Nikon have introduced an AF-S 80-400mm lens recently.

      Also the D200 is no longer made but you can still get hold of them. A very reliable camera. Currently the nearest equivalent in production is the D300s (which is also DX format). A full format camera of a similar body size is the D800.

      I hope this helps Nick. Please just ask if you have further questions.

      Warm regards,


  7. Liam Gadd

    Awesome pictures, as mentioned already it takes real skill to take pictures like that, It must have been a great day as however great the pictures are nothing compares to actuallly being there seeing it, seeing them move and nose about…

    I did try this weekend gone to get some pictures of the wildlife, but my camera is not great and neither was my sneaking 🙂 and I’m a rubbish photographer :/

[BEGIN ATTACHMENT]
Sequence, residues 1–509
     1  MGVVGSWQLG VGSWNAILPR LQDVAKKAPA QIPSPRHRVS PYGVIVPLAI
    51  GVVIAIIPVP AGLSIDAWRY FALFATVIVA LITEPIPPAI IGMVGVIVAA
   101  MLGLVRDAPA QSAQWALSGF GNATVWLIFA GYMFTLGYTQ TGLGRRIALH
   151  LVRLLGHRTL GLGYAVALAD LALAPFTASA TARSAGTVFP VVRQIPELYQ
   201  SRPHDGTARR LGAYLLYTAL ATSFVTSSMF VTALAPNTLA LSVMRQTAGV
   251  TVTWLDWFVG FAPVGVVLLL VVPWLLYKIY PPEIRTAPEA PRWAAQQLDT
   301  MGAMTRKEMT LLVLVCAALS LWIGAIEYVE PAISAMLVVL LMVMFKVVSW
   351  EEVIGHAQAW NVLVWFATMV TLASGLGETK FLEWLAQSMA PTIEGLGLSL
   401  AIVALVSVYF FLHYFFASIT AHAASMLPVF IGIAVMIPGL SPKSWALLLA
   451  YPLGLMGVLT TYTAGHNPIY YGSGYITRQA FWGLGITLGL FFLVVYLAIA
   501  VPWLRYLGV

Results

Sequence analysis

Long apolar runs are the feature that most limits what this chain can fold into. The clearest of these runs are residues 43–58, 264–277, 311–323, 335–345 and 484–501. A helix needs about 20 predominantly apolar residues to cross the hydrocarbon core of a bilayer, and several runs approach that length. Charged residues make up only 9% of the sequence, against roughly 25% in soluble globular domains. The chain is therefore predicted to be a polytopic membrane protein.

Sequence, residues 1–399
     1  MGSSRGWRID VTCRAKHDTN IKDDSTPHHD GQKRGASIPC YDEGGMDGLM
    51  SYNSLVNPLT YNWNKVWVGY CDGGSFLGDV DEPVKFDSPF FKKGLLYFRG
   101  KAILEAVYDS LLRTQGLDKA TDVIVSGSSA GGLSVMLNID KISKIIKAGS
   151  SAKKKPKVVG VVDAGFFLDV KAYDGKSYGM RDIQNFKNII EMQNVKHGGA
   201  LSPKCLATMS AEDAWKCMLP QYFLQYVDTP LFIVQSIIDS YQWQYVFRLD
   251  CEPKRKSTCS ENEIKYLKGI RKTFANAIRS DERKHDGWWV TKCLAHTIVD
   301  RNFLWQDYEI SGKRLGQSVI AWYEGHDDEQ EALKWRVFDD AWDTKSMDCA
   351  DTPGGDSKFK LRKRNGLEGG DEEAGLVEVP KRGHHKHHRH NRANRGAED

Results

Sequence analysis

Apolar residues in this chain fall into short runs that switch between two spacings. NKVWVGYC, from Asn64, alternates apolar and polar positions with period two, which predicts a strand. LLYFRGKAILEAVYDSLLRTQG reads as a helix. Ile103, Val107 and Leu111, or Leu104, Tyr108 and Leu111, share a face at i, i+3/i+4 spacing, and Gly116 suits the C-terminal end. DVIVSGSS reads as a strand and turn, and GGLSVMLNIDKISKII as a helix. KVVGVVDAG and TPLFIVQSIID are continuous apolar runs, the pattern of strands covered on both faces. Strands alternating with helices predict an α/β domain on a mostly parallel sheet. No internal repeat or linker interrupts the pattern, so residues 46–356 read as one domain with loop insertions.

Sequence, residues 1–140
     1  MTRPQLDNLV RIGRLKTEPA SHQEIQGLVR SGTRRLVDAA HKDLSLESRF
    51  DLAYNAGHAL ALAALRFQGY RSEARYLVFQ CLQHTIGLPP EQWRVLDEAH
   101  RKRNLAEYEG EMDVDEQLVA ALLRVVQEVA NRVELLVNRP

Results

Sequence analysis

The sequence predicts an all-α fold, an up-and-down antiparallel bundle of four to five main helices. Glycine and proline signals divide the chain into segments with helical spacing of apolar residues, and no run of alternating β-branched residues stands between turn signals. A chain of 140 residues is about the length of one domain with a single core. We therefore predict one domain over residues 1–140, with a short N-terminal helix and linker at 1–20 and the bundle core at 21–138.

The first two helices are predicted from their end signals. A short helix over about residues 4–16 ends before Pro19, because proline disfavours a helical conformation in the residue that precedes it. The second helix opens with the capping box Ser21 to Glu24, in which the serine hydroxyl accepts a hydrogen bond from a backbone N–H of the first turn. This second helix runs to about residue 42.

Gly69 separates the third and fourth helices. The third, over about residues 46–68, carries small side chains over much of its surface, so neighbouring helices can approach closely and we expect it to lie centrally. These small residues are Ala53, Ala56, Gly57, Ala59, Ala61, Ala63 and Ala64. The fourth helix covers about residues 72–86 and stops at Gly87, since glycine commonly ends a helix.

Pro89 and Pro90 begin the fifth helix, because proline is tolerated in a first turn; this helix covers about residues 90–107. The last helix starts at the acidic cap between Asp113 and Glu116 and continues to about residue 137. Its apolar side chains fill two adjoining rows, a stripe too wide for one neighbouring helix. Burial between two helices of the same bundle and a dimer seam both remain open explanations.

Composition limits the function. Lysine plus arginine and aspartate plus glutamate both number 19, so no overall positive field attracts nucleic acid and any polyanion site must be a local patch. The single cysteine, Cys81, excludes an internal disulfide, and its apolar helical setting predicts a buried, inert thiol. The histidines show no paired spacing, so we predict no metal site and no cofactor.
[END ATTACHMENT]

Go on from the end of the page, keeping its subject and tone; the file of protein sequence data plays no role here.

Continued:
However I did see them and that was special. Thanks for sharing your pictures. I hope one day I can capture such beautiful moments to share with family and friends.

  8. Dave Howard

    Hi Paul,
    What lovely photos, thanks for sharing. It must have taken patience and very good field-craft to get them. Growing up on a farm I was fascinated with wildlife. There was a badger sett on the edge of the woodland, and i used to love watching the activities of the clan, especially when the cubs began to venture out . Another amazing thing was watching the Peregrin falcons swooping down on the freshly cut hay fields and catching their dinner
    all the best, Dave.

    • Paul Kirtley

      Good memories Dave. I’m glad you liked these photos. Yes, being quiet, patient, and wearing mute colours goes a long way to helping you blend in with the rest of nature. Badger cubs are always fun to watch 🙂

      Warm regards,